Henry Siegman is president of the U.S./Middle East Project. He is also a non-resident research professor at the Sir Joseph Hotung Middle East Program, School of Oriental and African Studies, University of London.
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No Freedom For Palestine, Thunders Washington
Could we see a great leap forward next week on the Palestinian's long quest for statehood?
Not quite. The Palestinian Authority (PA) says it will ask the United Nations General Assembly to upgrade from being a non-voting "observer entity" to an "observer state." This bureaucratic-sounding change hardly seems earthshaking. The Vatican is an "observer state."
But the earth is shaking. A majority of the world's nations are fed up by the endless suffering of the stateless Palestinians and support creation of a Palestinian state on the West Bank and Gaza.
Turkey's increasingly influential premier, Recep Tayyip Erdogan, went to Cairo last week and spoke for the world: "Let's raise the Palestinian flag and let that flag be the symbol of peace and justice in the Middle East."
The United States is desperately scrambling to head off a favorable vote in the UN. Washington threatens to veto any pro-Palestine vote in the Security Council - that alone can grant statehood status to a new state. The US is exerting huge pressure on allies and dependant states to vote against any resolution in the General Assembly.
Threats and blackmail aside, the US, Israel and newly pro-Israel Canada are largely isolated on this issue. Israel is in a panic and is using all its mighty influence to sidetrack a vote. Its hard rightwing government is threatening the Palestinian territory with unspecified "grave consequences.'
A special Congressional election in New York City last week gave Israel and its American supporters powerful new ammunition. A Democratic candidate in a long-time Democratic district was soundly defeated after he and President Barack Obama were denounced for "throwing Israel under a bus."
Secretary of State Hillary Clinton is heading the anti-Palestinian diplomatic drive. She clearly has future political ambitions and is buttering up Israel's supporters. Her goal is to arm-twist the feeble Palestinian leadership, which critics call a stooge of Israel and the US, to accept some sort of diluted compromise that does not upset Israel.
Israel's right-wing government of Benjamin Netanyahu clearly controls Washington's Middle East policy through its US lobby. This has poisoned US interests in the Muslim world at a time that American domination of the turbulent region is weakening.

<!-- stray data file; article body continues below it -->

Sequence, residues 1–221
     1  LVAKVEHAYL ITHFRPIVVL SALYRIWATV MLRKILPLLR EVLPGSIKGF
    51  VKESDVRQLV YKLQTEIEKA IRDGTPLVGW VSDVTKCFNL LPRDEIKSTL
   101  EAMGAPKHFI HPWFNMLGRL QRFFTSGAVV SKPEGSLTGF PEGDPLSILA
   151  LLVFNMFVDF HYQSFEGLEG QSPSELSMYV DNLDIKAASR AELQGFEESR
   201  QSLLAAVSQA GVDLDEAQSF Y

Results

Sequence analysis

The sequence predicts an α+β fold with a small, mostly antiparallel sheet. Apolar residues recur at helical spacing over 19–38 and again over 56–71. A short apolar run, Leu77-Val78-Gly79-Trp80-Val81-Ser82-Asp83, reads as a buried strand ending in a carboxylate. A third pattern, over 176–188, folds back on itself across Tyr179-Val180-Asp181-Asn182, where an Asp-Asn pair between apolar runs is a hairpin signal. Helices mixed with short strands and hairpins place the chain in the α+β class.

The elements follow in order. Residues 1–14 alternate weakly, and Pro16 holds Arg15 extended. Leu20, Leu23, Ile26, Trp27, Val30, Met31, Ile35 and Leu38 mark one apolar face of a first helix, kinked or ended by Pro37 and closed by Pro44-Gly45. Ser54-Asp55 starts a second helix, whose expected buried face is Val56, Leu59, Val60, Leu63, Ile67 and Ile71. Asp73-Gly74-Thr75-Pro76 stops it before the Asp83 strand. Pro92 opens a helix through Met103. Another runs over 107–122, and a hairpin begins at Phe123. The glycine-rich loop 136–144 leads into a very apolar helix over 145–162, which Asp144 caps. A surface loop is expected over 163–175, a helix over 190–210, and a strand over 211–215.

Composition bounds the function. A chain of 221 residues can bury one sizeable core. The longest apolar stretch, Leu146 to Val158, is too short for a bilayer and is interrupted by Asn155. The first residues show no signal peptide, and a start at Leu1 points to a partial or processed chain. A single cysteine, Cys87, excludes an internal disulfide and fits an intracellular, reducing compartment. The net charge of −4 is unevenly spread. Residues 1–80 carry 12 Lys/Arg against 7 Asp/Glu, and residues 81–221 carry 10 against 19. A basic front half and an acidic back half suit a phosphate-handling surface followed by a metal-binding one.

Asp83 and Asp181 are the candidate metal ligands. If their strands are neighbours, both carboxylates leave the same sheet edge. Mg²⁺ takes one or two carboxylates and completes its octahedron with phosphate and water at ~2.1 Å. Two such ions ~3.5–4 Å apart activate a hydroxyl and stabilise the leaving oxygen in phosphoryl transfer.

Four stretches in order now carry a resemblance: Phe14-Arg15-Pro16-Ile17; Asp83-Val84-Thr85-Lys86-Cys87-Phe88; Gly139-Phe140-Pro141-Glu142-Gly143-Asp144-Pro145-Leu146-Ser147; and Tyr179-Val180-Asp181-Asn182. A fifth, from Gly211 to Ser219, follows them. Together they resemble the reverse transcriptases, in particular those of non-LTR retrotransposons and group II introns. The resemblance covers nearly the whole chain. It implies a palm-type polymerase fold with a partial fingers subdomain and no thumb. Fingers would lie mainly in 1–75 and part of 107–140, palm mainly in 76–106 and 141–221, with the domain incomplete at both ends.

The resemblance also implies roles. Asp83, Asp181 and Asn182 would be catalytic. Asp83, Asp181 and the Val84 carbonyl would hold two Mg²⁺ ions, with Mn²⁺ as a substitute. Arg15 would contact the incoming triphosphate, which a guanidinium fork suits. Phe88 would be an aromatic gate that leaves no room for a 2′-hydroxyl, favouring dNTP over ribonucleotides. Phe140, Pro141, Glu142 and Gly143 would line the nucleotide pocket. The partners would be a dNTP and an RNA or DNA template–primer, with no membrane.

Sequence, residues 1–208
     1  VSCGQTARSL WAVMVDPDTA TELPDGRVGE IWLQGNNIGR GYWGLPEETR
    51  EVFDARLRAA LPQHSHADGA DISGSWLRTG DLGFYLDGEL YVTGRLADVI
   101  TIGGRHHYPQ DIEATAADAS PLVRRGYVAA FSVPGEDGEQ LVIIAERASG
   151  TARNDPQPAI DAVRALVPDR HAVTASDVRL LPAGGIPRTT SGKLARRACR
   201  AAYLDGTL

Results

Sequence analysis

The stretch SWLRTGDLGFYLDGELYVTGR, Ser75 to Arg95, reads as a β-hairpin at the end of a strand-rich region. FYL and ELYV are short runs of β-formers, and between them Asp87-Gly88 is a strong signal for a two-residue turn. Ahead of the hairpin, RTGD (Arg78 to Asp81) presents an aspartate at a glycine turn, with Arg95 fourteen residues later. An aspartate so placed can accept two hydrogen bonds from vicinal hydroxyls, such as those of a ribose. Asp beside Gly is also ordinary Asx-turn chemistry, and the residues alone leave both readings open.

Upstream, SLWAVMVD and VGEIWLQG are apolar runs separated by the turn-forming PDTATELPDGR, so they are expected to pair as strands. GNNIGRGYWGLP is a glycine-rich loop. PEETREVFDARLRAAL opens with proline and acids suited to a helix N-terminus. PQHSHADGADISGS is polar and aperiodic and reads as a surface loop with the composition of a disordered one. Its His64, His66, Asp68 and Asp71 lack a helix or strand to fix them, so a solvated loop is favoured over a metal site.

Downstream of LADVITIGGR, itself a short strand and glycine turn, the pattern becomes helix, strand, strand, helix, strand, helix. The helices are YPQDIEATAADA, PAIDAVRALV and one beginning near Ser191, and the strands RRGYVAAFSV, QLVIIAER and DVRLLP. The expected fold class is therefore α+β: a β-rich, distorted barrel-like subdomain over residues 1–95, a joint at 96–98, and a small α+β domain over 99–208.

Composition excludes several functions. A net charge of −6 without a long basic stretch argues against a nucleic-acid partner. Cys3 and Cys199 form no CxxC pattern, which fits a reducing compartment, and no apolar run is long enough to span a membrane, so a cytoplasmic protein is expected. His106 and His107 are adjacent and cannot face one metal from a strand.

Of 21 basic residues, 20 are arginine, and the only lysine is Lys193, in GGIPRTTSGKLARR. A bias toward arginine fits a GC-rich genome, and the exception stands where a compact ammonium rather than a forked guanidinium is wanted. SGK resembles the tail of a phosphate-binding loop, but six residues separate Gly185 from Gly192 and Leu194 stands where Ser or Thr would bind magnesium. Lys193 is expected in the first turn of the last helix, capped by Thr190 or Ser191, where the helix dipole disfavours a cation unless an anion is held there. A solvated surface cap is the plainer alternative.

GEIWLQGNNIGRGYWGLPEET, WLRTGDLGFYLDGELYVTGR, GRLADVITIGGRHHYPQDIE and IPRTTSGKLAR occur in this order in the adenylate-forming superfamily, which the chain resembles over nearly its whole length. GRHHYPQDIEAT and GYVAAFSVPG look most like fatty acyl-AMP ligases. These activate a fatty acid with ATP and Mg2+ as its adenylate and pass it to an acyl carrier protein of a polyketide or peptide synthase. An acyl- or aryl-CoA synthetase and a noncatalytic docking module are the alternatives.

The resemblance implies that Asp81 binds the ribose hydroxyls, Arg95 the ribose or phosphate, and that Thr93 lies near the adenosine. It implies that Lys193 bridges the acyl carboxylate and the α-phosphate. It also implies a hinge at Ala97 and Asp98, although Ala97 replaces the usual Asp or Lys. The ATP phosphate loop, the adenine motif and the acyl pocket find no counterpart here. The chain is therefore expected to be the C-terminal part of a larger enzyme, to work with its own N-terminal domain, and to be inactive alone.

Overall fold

Turkey's Erdogan just called Israel, "America's spoiled child," a view shared by many. The 9/11 hijackers who attacked New York and Washington made plain they were doing so to punish America for its unquestioned support of Israel's repression of Palestine. Other attacks are likely to follow.
In a black comedy, US efforts to make PA leader Mahmoud Abbas back down are being led by Dennis Ross, one of Israel's staunchest partisans in the US government. The US Congress, ever responsive to Israel's demands, threatens to cut off all funding for Palestinian refugees and any UN organ that supports them.
Israel, now no longer quietly assisted by Egypt's former ruler, Hosni Mubarak, or Turkey's rightwing generals, is feeling increasingly isolated. But it can still count on unquestioning US support.
Many outsiders believe a two-state solution between Israel and the Palestinians is possible provided irksome details can be resolved. This writer, who recently published a book on the subject, does not share this rosy view.
Israel's hard right Likud Party and its semi-fascist coalition allies are determined to retain the entire West Bank and Golan Heights. According to the closest thing Israel has to a real sage, Uri Avnery, Likud not only refuses to define Israel's borders, it has a powerful faction that wants further territorial expansion into Syria and Lebanon.
Israel's strategy has been to hold endless, phony "peace talks" while rapidly expanding West Bank and Golan settlements. As one Palestinian aptly noted, his people and Israel are negotiating over a pizza while Israel is eating it up.
Now, as President Obama steadily weakens, Israel's right sees a Republican victory in 2012 that will bring in a new president and Congress even more pro-Israel than Israel's own Knesset.
An upgrade of Palestine's orphan UN status won't do anything to address these basic problems. But it will at least keep the plight of Palestine before the world's view. It will certainly put the US and Israel on the wrong side of history and justice.
copyright Eric S. Margolis 2011